Appellant urges that the test of materiality under section 7206(1) is whether the statement was necessary to compute the tax involved or could influence or affect the IRS in carrying out its function. United States v. Rayor, 204 F. Supp. 486 (S.D. Cal. 1962); United States v. DiVarco, 343 F. Supp. 101 (N.D. Ill. 1972), aff'd, 484 F.2d 670 (7th Cir. 1973). Assuming this to be so, we think the questioned data is plainly material. It is a necessary item to compute what is currently due and owing between taxpayer and the Government. If deposits do not equal or exceed the current tax liability, taxpayer must remit to the IRS the balance due. Moreover, an IRS representative examining Form 941 could ascertain whether the taxpayer was in compliance with the statute or was in default. The latter determination would undoubtedly lead the IRS to take action to protect its tax revenues.
Appellant contends that the IRS makes no use of the information he is charged with falsifying. Form 941 returns are normally processed by a computer which is not programmed to consider the entry regarding deposits made for the quarter. Instead, the computer receives data directly from the depositary banks regarding deposits actually made. It then compares this information against the employer's total reported tax liability. It follows, appellant maintains, that the information at issue was immaterial. But this argument confuses materiality with the consequences of a falsehood. We have said that the primary purpose of section 7206(1) "is to impose the penalties of perjury upon those who wilfully falsify their returns regardless of the tax consequences of the falsehood." Gaunt v. United States, 184 F.2d 284, 288 (1st Cir. 1950); see DiVarco, supra, 343 F. Supp. at 103. Perjury occurs when the false entry is made, even if never relied upon. See United States v. Noveck, 273 U.S. 202, 206, 71 L. Ed. 610, 47 S. Ct. 341 (1927). The falsified information was no less material because the Government chose to rely on information furnished by the depositary banks rather than that submitted by the taxpayer. Materiality under section 7206(1) is to be measured objectively by a statement's potential rather than by its actual impact. Cf. United States v. Quirk, 167 F. Supp. 462, 464 (E.D. Pa. 1958), aff'd, 266 F.2d 26 (3d Cir. 1959); Brandow v. United States, 268 F.2d 559, 564-65 (9th Cir. 1959).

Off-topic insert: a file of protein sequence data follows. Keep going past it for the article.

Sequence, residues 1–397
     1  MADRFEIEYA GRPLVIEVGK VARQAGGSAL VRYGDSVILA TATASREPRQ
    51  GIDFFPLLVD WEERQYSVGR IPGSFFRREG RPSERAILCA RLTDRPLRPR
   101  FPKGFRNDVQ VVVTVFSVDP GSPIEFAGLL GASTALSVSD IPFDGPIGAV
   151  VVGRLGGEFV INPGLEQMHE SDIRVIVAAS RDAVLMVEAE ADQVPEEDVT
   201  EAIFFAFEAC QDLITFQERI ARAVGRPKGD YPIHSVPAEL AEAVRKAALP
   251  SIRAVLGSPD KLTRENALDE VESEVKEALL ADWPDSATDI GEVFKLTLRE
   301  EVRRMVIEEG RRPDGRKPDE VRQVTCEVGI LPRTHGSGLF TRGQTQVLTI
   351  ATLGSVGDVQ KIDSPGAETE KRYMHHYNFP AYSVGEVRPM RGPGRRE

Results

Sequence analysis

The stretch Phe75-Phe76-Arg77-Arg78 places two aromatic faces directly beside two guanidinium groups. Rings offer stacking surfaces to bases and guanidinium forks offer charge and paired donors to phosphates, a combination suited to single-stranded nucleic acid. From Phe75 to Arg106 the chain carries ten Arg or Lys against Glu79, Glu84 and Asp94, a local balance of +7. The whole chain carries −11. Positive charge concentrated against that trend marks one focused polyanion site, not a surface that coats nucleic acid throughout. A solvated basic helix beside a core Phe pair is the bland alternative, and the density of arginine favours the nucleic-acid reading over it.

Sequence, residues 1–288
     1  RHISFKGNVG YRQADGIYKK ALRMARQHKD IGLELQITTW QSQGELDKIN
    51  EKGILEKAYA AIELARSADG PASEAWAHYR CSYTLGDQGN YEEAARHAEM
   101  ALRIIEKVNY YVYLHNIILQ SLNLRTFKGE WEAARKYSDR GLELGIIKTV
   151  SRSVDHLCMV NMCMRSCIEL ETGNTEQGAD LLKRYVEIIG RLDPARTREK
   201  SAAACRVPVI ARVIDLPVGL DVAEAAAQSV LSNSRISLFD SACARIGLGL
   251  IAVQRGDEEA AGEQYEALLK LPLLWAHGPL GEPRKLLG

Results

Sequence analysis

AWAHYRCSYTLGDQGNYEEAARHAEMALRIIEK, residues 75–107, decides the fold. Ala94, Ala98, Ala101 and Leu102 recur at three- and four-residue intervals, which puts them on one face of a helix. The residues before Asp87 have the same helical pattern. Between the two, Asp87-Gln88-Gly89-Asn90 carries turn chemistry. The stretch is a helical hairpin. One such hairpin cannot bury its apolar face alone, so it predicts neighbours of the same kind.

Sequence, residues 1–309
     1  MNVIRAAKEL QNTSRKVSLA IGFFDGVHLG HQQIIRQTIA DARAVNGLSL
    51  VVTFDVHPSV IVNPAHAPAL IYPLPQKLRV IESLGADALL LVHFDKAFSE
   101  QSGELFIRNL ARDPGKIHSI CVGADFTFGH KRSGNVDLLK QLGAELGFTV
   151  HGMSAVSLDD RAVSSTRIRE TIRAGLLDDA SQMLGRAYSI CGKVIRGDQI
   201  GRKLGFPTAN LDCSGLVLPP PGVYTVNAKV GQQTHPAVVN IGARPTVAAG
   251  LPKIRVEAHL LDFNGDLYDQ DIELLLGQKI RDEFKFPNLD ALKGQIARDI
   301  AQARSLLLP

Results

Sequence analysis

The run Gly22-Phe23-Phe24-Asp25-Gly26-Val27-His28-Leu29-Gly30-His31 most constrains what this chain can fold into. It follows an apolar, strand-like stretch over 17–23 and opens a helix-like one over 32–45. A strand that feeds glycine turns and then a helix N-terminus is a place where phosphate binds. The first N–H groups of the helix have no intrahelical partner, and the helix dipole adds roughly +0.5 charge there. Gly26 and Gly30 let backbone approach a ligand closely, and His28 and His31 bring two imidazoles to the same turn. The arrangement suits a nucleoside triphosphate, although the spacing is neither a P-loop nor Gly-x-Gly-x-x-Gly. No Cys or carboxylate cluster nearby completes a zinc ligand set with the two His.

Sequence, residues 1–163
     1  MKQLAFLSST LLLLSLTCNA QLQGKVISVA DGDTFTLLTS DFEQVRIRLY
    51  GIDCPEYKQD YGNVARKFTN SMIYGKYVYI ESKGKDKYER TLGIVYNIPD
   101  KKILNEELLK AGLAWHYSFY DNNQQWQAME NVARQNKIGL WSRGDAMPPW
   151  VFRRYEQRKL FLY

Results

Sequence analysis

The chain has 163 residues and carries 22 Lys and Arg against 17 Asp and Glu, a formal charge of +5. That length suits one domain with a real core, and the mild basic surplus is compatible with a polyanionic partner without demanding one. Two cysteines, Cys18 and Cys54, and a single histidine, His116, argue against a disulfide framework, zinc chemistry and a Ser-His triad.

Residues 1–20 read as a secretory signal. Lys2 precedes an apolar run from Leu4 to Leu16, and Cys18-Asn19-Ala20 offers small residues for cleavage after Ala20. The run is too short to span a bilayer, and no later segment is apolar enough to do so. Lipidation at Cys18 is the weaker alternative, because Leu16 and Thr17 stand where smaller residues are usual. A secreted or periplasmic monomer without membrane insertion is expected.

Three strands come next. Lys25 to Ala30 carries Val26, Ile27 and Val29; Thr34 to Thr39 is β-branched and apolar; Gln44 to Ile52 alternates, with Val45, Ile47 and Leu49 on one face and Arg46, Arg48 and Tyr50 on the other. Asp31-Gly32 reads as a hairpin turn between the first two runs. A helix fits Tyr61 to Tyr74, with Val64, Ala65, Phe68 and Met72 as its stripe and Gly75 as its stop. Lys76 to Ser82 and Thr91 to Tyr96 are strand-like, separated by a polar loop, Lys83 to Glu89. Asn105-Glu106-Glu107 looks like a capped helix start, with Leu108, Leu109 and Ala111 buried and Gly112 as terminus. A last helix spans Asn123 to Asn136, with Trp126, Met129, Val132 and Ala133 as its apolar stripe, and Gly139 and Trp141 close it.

Appellant's final argument is that even if the deposit information might be material, the trial court erred in ruling it so as a matter of law. We find no error. While there is some suggestion in another context that the issue of materiality under section 7206(1) may be submitted to a jury, United States v. Null, 415 F.2d 1178, 1181 (4th Cir. 1969), we think it properly within the province of the trial judge -- at least in the ordinary case where the underlying facts are not themselves in dispute. Cf. United States v. East, 416 F.2d 351, 355 (9th Cir. 1969). The long accepted general rule is that "the materiality of what is falsely sworn, when an element in the crime of perjury, is [a question] for the court." Sinclair v. United States, 279 U.S. 263, 298, 73 L. Ed. 692, 49 S. Ct. 268 (1929). See generally Annot., 62 A.L.R. 2d 1027 (1958). In the present case, the materiality was beyond question.
The judgment of the district court is affirmed.
The judgment of the district court is affirmed